Have you ever met one of those people who announces the fact that they have read a book with a sense of pride that suggests they just solved world peace, cured cancer, or at the very least completed a marathon? They almost seem to pause for your applause after telling you the title, and even worse, they might then go on to tell you how much they abhor "lesser" forms of entertainment like film, TV or (shudder!) video games. The myth that these people have fallen for isthat books are inherently more sophisticated and intellectual, and that the very fact that they have read one makes them a superior sort of person. It's easy enough to do, particularly if you've just made it through one of the heavier classics, or had your understanding of the world challenged by a great philosophical work, but we shouldn't be so quick to assume that reading alone is enough to turn us into better versions of ourselves. Books don't make us into better people simply because we read them. We only become better people if the books we read make us think about our own morality.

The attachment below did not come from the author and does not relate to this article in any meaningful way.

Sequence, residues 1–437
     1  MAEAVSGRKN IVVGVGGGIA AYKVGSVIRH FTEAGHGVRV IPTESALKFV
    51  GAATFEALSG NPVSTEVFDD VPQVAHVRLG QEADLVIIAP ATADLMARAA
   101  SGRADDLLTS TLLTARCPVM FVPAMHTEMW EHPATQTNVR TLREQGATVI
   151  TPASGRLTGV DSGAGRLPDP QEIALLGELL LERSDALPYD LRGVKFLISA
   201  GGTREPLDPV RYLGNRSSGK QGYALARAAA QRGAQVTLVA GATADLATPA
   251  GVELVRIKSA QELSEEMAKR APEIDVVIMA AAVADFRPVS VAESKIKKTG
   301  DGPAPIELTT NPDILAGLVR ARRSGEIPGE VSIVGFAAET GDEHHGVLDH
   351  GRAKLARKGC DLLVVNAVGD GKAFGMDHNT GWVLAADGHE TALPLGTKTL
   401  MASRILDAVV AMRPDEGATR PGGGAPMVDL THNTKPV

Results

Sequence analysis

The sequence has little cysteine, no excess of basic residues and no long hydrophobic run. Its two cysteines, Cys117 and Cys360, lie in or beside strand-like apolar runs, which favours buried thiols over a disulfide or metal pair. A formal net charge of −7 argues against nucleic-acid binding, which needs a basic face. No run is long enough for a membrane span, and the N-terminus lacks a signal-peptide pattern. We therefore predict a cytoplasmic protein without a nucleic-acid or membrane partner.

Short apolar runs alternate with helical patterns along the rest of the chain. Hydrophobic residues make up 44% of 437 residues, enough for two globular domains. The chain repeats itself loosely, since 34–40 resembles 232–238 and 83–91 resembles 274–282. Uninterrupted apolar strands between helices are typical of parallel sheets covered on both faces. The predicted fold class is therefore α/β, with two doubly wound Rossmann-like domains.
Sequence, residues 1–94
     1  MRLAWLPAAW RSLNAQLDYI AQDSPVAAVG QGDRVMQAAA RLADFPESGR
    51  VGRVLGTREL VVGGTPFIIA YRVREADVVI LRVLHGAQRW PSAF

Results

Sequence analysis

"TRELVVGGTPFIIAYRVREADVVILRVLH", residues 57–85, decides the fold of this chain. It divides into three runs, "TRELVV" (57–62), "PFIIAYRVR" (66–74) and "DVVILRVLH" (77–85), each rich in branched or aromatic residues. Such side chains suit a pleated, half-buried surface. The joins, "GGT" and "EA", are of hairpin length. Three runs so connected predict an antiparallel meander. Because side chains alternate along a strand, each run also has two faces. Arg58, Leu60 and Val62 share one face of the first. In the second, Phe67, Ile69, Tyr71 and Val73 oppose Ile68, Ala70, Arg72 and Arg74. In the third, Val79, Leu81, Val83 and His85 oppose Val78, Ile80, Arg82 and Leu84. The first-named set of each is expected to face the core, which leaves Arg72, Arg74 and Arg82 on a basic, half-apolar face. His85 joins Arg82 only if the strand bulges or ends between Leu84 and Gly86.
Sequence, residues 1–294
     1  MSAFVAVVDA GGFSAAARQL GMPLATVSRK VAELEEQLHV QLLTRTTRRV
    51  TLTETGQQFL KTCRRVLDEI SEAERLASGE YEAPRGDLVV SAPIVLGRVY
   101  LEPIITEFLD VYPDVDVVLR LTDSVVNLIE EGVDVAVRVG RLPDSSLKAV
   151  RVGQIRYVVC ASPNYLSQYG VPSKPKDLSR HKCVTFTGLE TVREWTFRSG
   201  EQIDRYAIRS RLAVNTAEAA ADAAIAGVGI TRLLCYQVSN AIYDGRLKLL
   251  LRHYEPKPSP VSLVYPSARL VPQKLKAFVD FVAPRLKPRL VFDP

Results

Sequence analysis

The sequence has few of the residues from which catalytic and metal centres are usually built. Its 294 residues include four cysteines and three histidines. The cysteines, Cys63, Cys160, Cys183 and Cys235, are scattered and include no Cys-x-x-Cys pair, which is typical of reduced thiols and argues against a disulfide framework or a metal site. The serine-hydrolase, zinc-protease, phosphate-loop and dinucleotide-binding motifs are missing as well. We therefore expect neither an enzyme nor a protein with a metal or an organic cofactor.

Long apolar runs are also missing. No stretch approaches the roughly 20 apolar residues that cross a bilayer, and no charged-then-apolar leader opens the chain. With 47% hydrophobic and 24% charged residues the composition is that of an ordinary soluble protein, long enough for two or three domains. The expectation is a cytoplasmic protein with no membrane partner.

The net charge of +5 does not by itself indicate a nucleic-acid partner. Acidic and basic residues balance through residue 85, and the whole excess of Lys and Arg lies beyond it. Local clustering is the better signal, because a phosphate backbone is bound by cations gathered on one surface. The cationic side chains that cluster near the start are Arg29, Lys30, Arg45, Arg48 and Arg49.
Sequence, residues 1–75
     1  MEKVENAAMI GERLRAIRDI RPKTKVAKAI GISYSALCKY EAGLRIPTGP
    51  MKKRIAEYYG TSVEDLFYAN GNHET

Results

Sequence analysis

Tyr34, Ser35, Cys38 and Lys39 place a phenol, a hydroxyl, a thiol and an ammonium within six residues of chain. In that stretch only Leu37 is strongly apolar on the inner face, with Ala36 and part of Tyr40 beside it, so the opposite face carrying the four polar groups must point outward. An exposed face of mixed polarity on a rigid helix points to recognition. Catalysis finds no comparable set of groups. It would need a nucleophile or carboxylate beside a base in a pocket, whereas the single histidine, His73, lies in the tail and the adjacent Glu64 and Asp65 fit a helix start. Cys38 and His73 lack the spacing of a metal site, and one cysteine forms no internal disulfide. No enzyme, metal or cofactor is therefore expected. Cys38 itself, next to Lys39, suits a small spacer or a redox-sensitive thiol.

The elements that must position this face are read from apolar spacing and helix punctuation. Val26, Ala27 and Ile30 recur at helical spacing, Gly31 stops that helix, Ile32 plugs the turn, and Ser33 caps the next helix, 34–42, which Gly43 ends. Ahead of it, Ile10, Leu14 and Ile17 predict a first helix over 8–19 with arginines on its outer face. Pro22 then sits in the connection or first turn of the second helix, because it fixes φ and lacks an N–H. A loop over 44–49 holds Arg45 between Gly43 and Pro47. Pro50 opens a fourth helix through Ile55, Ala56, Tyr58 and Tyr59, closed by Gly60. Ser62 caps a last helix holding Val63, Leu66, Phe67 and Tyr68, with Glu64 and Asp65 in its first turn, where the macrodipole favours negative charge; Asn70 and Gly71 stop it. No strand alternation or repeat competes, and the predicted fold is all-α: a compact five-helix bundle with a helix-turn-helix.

Origins of the Idea
It's hard to find a literary critic who doesn't think that literature has some sort of influence on the way we see the world, but modern theorists tend to focus on revealing the hidden ideologies that lieinside our favourite books, rather than on the way that books might make people better. The moral approach to criticism was more powerful during the 18th and 19th centuries, when it was believed that making sure people were reading the right kind of books would keep them peaceful and satisfied with their lives. Such a start for the idea that books can make us into better people hardly gives you confidence in the sort of morality that we might be developing as we read, but this is the origin of the belief that books are inherently good for us. If this were the only reason people believed in the power of books over morality, it would be difficult to believe in the intellectual superiority of the reader, let alone in their better moral character.